Other Wrong Effects Of Bulimia Nervosa:

  • Bulimia Nervosa can lead to heart-related problems too. This is thought to be one of the most threatening effects of this eating disorder. It can also lead to an imbalance of electrolytes which in turn may lead one to premature death.
  • Bulimia nervosa is found to occur along with other major psychological problems that teens face today. These problems include alcohol and drug abuse and sexual promiscuity also to some extent.
  • Another tell-tale symptom of bulimia is obsession with exercising. You will find your teen indulging in compulsive exercising. This is just another way of getting rid of all the extra calories that she put on due to binging. It puts your teen’s body under too much of stress and pressure.


The good news is that bulimia nervosa’s recovery is almost 70 percent – this is a lot higher than that of anorexia.

[ Read: Teenage Stress ]

3. Orthorexia Nervosa:

This is another type of eating disorder found commonly in teenagers.

  • Your teen may get fixated on eating just healthy foods.
  • She may develop a sort of obsession to attain a form of body purity and may constantly monitor everything she eats or drinks.
  • This turns into a compulsive behavior soon.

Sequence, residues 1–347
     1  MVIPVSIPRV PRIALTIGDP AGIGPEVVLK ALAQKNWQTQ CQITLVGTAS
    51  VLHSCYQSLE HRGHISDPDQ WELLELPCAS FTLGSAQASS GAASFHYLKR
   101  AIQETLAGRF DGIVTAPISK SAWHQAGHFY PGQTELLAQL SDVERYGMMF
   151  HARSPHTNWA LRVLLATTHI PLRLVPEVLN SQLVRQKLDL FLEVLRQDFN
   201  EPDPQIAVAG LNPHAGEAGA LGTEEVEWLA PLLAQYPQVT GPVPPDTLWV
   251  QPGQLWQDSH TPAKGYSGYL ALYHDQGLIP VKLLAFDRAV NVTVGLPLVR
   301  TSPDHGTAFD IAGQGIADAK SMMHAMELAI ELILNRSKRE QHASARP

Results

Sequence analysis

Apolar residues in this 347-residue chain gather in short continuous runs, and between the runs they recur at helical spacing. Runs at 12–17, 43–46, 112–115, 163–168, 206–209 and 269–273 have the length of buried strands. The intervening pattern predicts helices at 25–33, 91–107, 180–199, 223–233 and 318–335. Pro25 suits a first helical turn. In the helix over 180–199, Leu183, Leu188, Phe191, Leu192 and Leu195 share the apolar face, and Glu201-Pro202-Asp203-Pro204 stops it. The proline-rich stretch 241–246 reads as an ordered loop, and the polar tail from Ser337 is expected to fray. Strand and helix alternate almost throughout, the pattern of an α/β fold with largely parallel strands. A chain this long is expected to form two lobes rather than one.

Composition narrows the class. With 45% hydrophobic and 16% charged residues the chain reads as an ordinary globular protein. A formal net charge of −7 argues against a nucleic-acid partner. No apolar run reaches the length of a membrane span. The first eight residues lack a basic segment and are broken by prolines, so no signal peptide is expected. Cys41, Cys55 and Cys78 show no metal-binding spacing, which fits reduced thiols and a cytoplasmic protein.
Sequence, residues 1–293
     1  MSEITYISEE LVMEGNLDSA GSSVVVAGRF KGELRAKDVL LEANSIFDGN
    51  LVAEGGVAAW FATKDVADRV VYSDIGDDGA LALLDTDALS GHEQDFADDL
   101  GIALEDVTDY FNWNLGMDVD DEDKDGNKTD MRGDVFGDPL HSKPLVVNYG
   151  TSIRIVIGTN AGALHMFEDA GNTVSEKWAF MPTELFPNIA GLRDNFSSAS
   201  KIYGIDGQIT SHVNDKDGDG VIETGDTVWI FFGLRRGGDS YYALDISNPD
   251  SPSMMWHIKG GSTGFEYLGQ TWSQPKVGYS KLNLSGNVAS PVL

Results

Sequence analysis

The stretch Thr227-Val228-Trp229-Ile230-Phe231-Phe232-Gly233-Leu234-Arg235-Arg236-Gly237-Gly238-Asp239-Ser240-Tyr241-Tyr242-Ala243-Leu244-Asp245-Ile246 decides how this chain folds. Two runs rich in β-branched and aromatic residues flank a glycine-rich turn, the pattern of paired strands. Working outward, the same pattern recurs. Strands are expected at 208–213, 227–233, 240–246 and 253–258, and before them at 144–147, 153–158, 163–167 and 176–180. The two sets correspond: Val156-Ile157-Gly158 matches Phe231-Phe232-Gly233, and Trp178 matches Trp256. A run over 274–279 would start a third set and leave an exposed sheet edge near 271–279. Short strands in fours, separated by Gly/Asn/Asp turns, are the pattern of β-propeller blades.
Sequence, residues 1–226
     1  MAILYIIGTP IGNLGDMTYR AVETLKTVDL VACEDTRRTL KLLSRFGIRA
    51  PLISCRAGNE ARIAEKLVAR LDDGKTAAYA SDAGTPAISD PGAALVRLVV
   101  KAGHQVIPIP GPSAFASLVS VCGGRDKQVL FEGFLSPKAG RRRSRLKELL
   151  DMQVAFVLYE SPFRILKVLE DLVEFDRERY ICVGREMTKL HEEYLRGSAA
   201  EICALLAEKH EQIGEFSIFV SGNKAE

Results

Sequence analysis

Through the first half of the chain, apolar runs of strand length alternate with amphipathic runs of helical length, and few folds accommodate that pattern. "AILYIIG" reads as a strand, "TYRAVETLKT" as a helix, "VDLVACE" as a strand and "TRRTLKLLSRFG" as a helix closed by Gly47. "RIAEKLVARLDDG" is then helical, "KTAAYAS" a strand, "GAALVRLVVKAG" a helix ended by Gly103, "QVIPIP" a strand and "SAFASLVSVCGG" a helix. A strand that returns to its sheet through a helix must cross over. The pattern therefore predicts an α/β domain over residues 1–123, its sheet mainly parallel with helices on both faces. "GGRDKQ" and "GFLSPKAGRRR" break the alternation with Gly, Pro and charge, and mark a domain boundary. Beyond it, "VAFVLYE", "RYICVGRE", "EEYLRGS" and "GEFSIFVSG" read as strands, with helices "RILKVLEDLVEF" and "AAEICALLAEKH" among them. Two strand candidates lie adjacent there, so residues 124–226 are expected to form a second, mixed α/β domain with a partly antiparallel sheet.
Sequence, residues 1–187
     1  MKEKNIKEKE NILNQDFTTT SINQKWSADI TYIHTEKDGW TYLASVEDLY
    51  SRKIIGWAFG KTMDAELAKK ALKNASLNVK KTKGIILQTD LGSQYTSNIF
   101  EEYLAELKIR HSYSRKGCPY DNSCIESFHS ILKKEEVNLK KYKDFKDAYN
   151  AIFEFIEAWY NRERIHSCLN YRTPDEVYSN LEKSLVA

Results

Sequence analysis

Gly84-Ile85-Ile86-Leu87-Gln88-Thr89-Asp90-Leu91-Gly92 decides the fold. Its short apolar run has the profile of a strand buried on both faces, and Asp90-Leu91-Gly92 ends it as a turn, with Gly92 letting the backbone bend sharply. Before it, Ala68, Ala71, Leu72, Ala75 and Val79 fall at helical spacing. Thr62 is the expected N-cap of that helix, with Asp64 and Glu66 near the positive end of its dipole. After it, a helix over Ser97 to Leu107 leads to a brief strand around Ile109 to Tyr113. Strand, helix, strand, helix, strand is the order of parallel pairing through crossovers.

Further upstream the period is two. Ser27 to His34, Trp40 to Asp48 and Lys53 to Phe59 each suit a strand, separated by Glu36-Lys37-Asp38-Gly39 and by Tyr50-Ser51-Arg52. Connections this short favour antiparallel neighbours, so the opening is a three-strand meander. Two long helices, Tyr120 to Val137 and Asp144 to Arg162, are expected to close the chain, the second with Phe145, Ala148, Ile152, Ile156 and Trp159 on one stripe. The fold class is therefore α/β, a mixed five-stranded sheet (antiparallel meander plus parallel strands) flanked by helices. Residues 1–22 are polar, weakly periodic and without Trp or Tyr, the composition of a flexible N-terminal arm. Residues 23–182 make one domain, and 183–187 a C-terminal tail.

• She may end up spending a good amount of time in planning her meals ahead in time.
  • Though this disorder may not essentially turn out to be frightening, it sure affects your teen’s social life.

4. Binge Eating Disorder:

You might find this particular disorder very close or similar to Bulimia Nervosa, largely because both these disorders do not make the teen deprive herself of eating.

  • Your teen may eat enough food. But unlike Bulimia Nervosa, she may simply face a lot of guilt due to her erratic eating pattern and hence withdraw completely from social environments.
  • As per the Weight-control Information Network, if this eating disorder continues for long, it may pave way for considerable and grave medical problems like:
  • Diabetes – Type II
  • An increase in blood pressure and cholesterol
  • Heart and gall bladder-related problems
  • Selected types of cancer


There are a variety of therapies like behavioural therapy to treat this eating disorder. Even medications may help.

Preventing Eating Disorder In Teenagers:

If you find out your teen suffering from any of these eating disorders, do not panic. Handle the situation with a lot of patience and calm

  • Encourage your teen to eat good and healthy food right from an early age.
  • Explain the importance and role of a good diet in one’s life.
  • Make them understand how exercising regularly is a much safer and better way of losing weight rather than starving.
  • Your teen must not feel dejected or unaccepted.
  • Sit and talk things out clearly.
  • Help your teen in every possible way. He might need your support more than ever.
  • Take your teen in your confidence and make him realise things that he otherwise might not.
  • Do not blame or disown him.
  • The age is responsible here, so is peer pressure. Discuss and explain ways of getting rid of peer pressure.
  • Make them understand that a body healthy inside looks beautiful outside.
  • Make them realise that mind and thoughts make one look good not their looks.

Tell us if your teenager has suffered from any eating disorders. How did you combat the problem? Share your special tips to prevent your teenager from falling prey to these eating disorders.